June is Pride Month, and we've never hidden our support for equal rights for everybody. Sure, we are a theme park and travel site but we are also members of many different communities that converge, and the LGBTQ communities is one community we've never hidden our support for.
So as we change our profile picture to "Pride Journey" we sadly got some push-back. R.D. is here with one of his amazing articles and has some thoughts on it.
Written by RD Sussman-Dewberry
It is June in America, and that usually signifies wedding season is in full swing, parks are in daily operation, and that rainbow flags begin to appear all over the place. June is typically thought of as the Gay Pride Month, in deference to the Stonewall Riots in New York City that began a major push forward for equality and equal rights for the gay community. While Stonewall and other events of the 60s were the start, we adopted so much as a group to make it a time to celebrate and to remember our past - and to hope for a better future.
I grew up as a kid in the 70s and 80s. For me, coming out was a tough (and very long) process that started in 1990, and still goes forward to this day. I chose to be who I was from a late teen on, and I am thankful that I did find an outlet of people who welcomed me in as one of their own: The coaster community.
If you go to any given theme park event with a coaster group, look around you. There are gay people. And LOTS of them. You cannot attend a major coaster event and not find gay people. Theme parks, roller coasters = gays. It's been that way for decades now. And thankfully, with only a very rare few exceptions, we find that gays are accepted - and are treated as equals. And this is a great thing in so many ways, as we don't have to stop being who we are to ride a coaster. Or to enjoy a flat ride. Or to ride the log flume (No jokes, please...).
Walt Disney World Gay Days
One of the things that has amazed me though is there is, despite this very common population, a handful of people who don't get it. Who are clueless to what is going on around them, and to the people they are interacting with. And they do not realize that there are a LOT of gay people around them.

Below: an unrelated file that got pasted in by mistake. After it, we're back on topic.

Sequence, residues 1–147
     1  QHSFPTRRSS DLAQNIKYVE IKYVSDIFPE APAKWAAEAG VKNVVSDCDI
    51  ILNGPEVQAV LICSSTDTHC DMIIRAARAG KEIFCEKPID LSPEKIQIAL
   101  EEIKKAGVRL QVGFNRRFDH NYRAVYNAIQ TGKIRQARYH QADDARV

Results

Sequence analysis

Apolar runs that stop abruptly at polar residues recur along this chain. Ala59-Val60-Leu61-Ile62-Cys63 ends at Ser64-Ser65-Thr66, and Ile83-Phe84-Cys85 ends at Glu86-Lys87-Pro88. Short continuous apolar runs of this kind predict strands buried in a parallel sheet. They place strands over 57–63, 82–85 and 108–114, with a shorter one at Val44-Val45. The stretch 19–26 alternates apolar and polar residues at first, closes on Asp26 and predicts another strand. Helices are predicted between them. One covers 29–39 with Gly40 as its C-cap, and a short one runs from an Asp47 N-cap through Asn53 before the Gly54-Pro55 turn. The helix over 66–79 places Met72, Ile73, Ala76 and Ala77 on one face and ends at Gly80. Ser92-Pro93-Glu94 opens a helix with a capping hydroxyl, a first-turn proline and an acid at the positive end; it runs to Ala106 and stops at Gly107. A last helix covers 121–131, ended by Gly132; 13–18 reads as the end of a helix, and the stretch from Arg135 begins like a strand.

And you know what? It makes them sound like jackasses.
As I write this, I have seen a beautiful sense of support for Park Journey when we changed our logo to be a rainbow - to support the gay community, and the gay coaster enthusiasts. Many people have supported us. And while I'm one of two gay people on staff, it is beautiful to me to see my fellow PJ team members support us. And to support the gay community who form a part of our world.
I don't ever expect everybody to agree with me, or with anybody. That's just plain rude. And I never want people to assume that they have to agree with gay politics, gay movements, whatever. We're in the United States, we're together as a nation, and we're big and diverse with different opinions. At the same time, I do hope that people will understand this: If you don't like a person's opinion, you are entitled to do so - up to the point where you insult them, their group, their family or their beliefs. That shows disrespect - and a tremendous amount of disrespect - to others. That's not tolerance - it's ignorance.
I want everybody - no matter who they are or how they believe to be able to say their opinions - in a polite, dignified way. I love to see other people's opinions and to think in their shoes. But I ABHORE anybody who refuses to listen to the other side. Respect is a two way street.
To my gay family out there - enjoy this time for us to remember our past and celebrate for our future. To my supportive family, thank you for being there for me. And to everybody else - have a beautiful and wonderful June.